Lee v. Social Security Administration Commissioner
MEMORANDUM OPINION. Signed by Honorable Erin L. Setser on December 2, 2016. (rg)
IN THE UNITED STATES DISTRICT COURT
WESTERN DISTRICT OF ARKANSAS
LAURENCE EUGENE LEE
CAROLYN W. COLVIN,
Acting Commissioner of the Social Security Administration
Plaintiff, Laurence Eugene Lee, brings this action pursuant to 42 U.S.C. §405(g),
seeking judicial review of a decision of the Commissioner of the Social Security
Administration (Commissioner) denying his claim for a period of disability and disability
insurance benefits (DIB) under the provisions of Title II of the Social Security Act (Act). In
this judicial review, the Court must determine whether there is substantial evidence in the
administrative record to support the Commissioner’s decision. See 42 U.S.C. §405(g).
Plaintiff protectively filed his current application for DIB on July 23, 2012, alleging
an inability to work since November 7, 2011, due to osteoarthritis in his lower back and
blindness in his left eye. (Doc. 13, pp. 158-164, 208, 212). An administrative hearing was
held on July 15, 2013, at which Plaintiff appeared with counsel and testified. (Doc. 13, pp.
By written decision dated September 20, 2013, the ALJ found that during the relevant
time period, Plaintiff had an impairment or combination of impairments that were severe –
early degenerative disc disease and reduced vision in the left eye. (Doc. 13, p. 22). However,
after reviewing all of the evidence presented, the ALJ determined that Plaintiff’s impairments
did not meet or equal the level of severity of any impairment listed in the Listing of
Impairments found in Appendix I, Subpart P, Regulation No. 4. (Doc. 13, p. 22). The ALJ
found Plaintiff retained the residual functional capacity (RFC) to perform a full range of light
work as defined in 20 C.F.R. §404.1567(b). (Doc. 13, p. 22). With the help of the vocational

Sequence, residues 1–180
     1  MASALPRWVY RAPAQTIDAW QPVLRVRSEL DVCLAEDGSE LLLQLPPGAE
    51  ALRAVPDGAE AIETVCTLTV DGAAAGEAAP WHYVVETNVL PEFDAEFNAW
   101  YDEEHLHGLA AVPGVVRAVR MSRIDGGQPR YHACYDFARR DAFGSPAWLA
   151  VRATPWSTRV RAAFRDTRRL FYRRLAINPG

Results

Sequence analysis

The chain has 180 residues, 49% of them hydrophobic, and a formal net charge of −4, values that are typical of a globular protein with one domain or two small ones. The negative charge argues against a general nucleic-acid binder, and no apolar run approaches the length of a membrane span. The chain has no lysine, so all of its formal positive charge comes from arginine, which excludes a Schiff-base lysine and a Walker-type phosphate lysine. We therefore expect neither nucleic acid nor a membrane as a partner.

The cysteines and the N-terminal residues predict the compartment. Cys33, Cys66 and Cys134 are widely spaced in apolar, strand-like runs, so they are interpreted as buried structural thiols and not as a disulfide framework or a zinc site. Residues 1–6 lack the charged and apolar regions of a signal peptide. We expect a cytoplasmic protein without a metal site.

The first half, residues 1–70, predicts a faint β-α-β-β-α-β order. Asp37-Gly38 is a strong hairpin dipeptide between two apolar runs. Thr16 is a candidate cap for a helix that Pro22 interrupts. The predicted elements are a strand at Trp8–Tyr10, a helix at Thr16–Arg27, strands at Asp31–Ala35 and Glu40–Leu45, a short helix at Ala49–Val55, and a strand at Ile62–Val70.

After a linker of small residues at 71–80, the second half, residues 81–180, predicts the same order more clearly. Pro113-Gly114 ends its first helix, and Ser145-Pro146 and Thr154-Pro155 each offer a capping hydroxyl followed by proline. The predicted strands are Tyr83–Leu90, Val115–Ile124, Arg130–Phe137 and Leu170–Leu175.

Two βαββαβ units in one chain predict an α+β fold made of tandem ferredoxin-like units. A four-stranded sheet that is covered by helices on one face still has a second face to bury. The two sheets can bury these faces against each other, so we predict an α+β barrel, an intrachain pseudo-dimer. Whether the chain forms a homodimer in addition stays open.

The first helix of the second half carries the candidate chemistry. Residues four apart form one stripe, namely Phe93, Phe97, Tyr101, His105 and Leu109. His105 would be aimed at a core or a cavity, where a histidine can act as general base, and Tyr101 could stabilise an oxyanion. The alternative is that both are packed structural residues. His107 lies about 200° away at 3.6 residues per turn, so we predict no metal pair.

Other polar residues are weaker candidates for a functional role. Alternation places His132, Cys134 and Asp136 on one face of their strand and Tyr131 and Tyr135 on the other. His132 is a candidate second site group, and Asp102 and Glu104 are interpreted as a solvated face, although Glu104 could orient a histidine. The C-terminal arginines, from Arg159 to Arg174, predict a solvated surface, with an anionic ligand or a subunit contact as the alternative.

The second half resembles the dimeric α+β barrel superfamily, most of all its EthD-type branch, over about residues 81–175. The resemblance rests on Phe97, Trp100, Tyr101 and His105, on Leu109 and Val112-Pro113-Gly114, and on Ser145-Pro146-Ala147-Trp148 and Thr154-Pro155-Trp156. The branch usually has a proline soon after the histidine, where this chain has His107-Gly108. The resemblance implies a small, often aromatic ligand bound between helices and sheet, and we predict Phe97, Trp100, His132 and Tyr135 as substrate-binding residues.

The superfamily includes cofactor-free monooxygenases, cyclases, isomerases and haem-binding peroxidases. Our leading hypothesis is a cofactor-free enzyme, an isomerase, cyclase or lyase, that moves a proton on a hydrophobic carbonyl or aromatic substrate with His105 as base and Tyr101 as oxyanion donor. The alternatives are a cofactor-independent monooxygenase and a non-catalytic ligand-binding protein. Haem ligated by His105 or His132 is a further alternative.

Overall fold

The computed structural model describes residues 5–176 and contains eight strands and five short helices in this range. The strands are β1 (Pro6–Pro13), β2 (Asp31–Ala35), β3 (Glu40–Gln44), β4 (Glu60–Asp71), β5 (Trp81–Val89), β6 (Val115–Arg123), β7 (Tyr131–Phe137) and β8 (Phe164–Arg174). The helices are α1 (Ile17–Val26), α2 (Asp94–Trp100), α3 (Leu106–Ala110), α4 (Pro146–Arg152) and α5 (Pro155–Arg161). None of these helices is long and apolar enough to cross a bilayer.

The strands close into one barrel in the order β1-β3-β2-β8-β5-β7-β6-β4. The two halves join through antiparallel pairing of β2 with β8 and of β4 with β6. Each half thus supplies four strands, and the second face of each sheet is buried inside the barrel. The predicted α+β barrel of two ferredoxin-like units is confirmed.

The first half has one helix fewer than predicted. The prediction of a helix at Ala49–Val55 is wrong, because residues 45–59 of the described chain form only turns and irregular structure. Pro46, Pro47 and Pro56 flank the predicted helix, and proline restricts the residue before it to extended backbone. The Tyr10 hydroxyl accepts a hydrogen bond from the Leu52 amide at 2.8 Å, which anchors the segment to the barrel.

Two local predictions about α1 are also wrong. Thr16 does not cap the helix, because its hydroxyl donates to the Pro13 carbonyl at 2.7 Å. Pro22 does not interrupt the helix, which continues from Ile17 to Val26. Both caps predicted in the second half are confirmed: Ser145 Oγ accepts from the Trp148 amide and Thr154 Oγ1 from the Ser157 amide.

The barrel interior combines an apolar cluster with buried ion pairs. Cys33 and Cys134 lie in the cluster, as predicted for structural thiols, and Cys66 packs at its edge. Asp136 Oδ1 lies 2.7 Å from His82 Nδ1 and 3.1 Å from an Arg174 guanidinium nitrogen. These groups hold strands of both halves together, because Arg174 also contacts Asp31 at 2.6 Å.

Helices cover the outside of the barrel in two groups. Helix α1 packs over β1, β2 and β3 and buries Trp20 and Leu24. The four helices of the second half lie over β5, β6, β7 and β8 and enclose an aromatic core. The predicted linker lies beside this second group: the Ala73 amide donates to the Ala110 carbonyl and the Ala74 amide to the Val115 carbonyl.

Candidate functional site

expert (VE), the ALJ determined that during the relevant time period, Plaintiff would be able
to perform his past relevant work as a cashier II, administrative clerk, disc jockey, and
broadcast engineer technician. (Doc. 13, p. 25).
Plaintiff then requested a review of the hearing decision by the Appeals Council,
which denied that request on November 21, 2014. (Doc. 13, pp. 8-12). Subsequently,
Plaintiff filed this action. (Doc. 1). This case is before the undersigned pursuant to the
consent of the parties. (Doc. 6). Both parties have filed appeal briefs, and the case is now
ready for decision. (Docs. 11, 12).
The Court has reviewed the entire transcript. The complete set of facts and arguments
are presented in the parties’ briefs, and are repeated here only to the extent necessary.
This Court’s role is to determine whether the Commissioner’s findings are supported
by substantial evidence on the record as a whole. Ramirez v. Barnhart, 292 F. 3d 576, 583
(8th Cir. 2002). Substantial evidence is less than a preponderance but it is enough that a
reasonable mind would find it adequate to support the Commissioner’s decision. The ALJ’s
decision must be affirmed if the record contains substantial evidence to support it. Edwards
v. Barnhart, 314 F. 3d 964, 966 (8th Cir. 2003). As long as there is substantial evidence in the
record that supports the Commissioner’s decision, the Court may not reverse it simply
because substantial evidence exists in the record that would have supported a contrary
outcome, or because the Court would have decided the case differently. Haley v. Massanari,
258 F.3d 742, 747 (8th Cir. 2001). In other words, if after reviewing the record, it is possible
to draw two inconsistent positions from the evidence and one of those positions represents
the findings of the ALJ, the decision of the ALJ must be affirmed. Young v. Apfel, 221 F. 3d
1065, 1068 (8th Cir. 2000).
It is well established that a claimant for Social Security disability benefits has the
burden of proving his disability by establishing a physical or mental disability that has lasted
at least one year and that prevents him from engaging in any substantial gainful activity.
Pearsall v. Massanari, 274 F. 3d 1211, 1217 (8th Cir. 2001); see also 42 U.S.C.
§423(d)(1)(A). The Act defines “physical or mental impairment” as “an impairment that
results from anatomical, physiological, or psychological abnormalities which are
demonstrable by medically acceptable clinical and laboratory diagnostic techniques.” 42
U.S.C. §§423(d)(3). A Plaintiff must show that his disability, not simply his impairment, has
lasted for at least twelve consecutive months.
The Commissioner’s regulations require him to apply a five-step sequential
evaluation process to each claim for disability benefits: (1) whether the claimant had engaged
in substantial gainful activity since filing his claim; (2) whether the claimant had a severe